Court/Judicial body: High Court of Zimbabwe, Bulawayo
Date: March 11, 2005; May 12, 2005 CRC
Provisions: Article 3: Best Interests of the Child Article 27: Adequate Standard of Living
Other international provisions:The African Charter on the Rights and Welfare of the Child, Article 4: Best Interests of the Child, Article 20: Parental Responsibilities
Background: A mother applied for a new court order to increase maintenance payments from her ex-husband for their four children. The father opposed increasing the amount of the payments, arguing that the amount requested was too high.
Issue and resolution: Child support. Finding that the mother’s application was reasonable and that the father could afford to pay the amount requested, the Court increased the level of maintenance payments for the couple’s four children.
Court reasoning: First, the court had to determine how much money was reasonably required for the children’s upkeep. In determining this amount, the mother’s knowledge of the children’s needs was superior to the respondent’s – she lived with the children whereas the father saw them only occasionally. The father did not challenge the necessity of items of expenditure listed by the mother, but instead raised issues regarding her choice of shop, brand and so on. Unless prices differ by a very wide margin, these choices must be left within the discretion of the custodial parent. The father did not live with the children and the applicant, besides the quantified expenses listed, had to pay the hidden costs occasioned by being the custodial parent. The second issue in question was whether the respondent was able to pay this amount. Looking in part to the Convention on the Rights of the Child, the court held that a child of divorced parents is end to be maintained by them, and that parents are obliged to provide the child with ‘everything that it reasonably requires for its proper living and upbringing according to their means, standard of living and station in life’. This obligation attaches to both parents jointly, but each parent’s financial circumstances must be examined to determine their share. In this case, the amount claimed was reasonable and necessary for the upkeep of the children (the mother was end to claim for, among other things, a full time domestic worker, a vehicle, and the children’s social life). Generally, although the father took issue with what the mother spent on the upkeep of the children, he did not seem to apply the same standard to his own expenditure. If his children had been forced to ‘tighten their belts’, he must do likewise, and having considered the father’s income and necessary expenses, the court held that he was able to afford the amount claimed.
Excerpt citing CRC and other relevant human rights “The general principles are that a child of divorced parents is end to [be] maintained by them, and they are correspondingly obliged to provide it with everything that it reasonably requires for its proper living and upbringing according to their means, standard of living and station in life… This principle has a foundation in international law. The provisions of the relevant international and regional instruments that Zimbabwe has ratified are the following: ‘The Convention on the Rights of the Child’ (adopted by the General Assembly of the United Nations on 20 November 1989- Resolution 44 – 25) in Article 27 (2) provides: ‘The parents or others responsible for the child have the primary responsibility to secure, within their abilities and financial capacities, the conditions of living necessary for the child’s development.’ Further, in Article 3 (1) it is provided that in all actions concerning the child undertaken by any person or authority ‘ the best interests of the child shall be the primary consideration.’ Regionally ‘The African Charter on the Rights and Welfare of the Child’ has in Article 4 provisions that are similar Article 3 (1) supra. Further in Article 20 (1) it provides- ‘Parents or other persons responsible for the child shall have the primary responsibility of the upbringing and development of the child and shall have the duty: a) To ensure that the best interests of the child are their basic concern at all times, b) To secure, within their abilities and financial capacities, conditions of living necessary to the child’s development.’ From the foregoing it is apparent that the said obligation attaches to both parents jointly, but, their respective shaves of that obligation are apportioned according to the financial sources and circumstances of each of them.”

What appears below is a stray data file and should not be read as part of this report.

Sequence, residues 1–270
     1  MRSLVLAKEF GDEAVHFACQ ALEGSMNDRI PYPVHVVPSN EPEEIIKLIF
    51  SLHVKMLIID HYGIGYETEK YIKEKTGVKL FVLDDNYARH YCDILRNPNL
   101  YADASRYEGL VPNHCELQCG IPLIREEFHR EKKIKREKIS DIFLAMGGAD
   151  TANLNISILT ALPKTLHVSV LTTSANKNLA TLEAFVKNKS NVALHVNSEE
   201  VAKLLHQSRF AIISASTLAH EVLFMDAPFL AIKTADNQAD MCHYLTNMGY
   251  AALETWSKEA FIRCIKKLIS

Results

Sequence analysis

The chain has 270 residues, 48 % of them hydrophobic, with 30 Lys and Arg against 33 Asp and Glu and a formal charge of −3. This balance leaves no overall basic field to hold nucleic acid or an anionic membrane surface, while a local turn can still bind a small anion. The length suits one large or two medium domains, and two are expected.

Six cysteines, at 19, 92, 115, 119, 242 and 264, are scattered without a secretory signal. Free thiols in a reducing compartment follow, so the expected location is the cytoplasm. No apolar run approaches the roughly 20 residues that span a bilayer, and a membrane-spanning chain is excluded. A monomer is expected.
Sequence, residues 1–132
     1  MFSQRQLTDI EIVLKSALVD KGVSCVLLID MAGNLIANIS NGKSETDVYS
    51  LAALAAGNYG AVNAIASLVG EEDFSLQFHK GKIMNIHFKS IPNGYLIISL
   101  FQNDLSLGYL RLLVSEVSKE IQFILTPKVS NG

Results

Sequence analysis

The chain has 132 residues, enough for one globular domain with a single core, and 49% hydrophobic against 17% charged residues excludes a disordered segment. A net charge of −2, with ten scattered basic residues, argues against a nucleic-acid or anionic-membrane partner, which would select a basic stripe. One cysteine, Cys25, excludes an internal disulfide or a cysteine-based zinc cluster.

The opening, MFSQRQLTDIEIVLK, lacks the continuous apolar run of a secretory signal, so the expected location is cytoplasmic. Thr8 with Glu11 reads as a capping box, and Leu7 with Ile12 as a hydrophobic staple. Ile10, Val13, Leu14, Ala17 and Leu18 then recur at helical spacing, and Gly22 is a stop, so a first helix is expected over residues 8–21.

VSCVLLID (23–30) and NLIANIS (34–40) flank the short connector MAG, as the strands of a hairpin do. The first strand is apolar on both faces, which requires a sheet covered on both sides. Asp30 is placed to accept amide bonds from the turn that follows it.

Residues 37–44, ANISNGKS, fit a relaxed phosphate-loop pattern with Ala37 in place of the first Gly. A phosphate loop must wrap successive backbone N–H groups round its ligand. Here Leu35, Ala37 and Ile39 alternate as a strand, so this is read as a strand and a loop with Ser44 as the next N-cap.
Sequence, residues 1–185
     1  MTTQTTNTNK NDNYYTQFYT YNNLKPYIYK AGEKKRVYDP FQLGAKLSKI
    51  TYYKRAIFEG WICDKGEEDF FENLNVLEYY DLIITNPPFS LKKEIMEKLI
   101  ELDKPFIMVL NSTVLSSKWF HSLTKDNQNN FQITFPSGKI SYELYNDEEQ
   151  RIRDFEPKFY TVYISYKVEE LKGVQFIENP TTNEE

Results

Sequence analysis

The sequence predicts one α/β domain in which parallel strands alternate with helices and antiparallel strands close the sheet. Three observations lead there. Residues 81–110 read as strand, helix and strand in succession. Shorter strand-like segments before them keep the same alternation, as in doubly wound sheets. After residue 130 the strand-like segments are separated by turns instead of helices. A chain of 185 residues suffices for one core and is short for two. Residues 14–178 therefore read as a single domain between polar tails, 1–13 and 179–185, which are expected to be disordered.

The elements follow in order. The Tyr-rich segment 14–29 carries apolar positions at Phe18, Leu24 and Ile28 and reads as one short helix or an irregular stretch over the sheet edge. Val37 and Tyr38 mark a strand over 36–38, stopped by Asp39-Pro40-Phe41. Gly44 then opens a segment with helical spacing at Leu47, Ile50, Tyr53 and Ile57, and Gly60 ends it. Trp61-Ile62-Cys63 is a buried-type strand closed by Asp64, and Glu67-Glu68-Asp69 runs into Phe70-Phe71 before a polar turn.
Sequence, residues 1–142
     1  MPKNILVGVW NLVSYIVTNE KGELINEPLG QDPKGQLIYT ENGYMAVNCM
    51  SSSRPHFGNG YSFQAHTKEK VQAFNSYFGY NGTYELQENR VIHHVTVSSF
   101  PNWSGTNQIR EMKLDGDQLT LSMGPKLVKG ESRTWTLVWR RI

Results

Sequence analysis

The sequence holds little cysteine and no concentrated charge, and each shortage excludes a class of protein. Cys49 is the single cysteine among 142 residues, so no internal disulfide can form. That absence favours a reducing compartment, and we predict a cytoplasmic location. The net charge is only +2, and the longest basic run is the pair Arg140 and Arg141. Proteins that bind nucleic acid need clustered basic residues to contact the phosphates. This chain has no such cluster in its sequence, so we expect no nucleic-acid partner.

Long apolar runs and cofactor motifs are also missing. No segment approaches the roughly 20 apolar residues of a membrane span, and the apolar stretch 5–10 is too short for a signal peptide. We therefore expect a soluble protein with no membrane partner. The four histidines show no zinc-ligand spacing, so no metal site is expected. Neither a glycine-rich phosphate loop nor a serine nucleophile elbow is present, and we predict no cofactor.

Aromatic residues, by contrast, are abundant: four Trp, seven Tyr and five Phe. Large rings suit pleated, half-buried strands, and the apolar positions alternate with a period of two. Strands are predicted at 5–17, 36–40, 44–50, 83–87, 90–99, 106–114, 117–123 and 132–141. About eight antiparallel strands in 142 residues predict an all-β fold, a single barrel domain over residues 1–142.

CRIN comments: CRIN believes that this decision is consistent with the CRC in that children have a right to an adequate standard of living and those responsible for a child have an obligation to support that child within their means. Where a parent is able to but does not meet this responsibility, as in this case, courts must be empowered to enforce that obligation.
Citation:  ZWBHC 40
Link to full judgement: http://www.zimlii.org/zw/judgment/bulawayo-high-court/2005/40/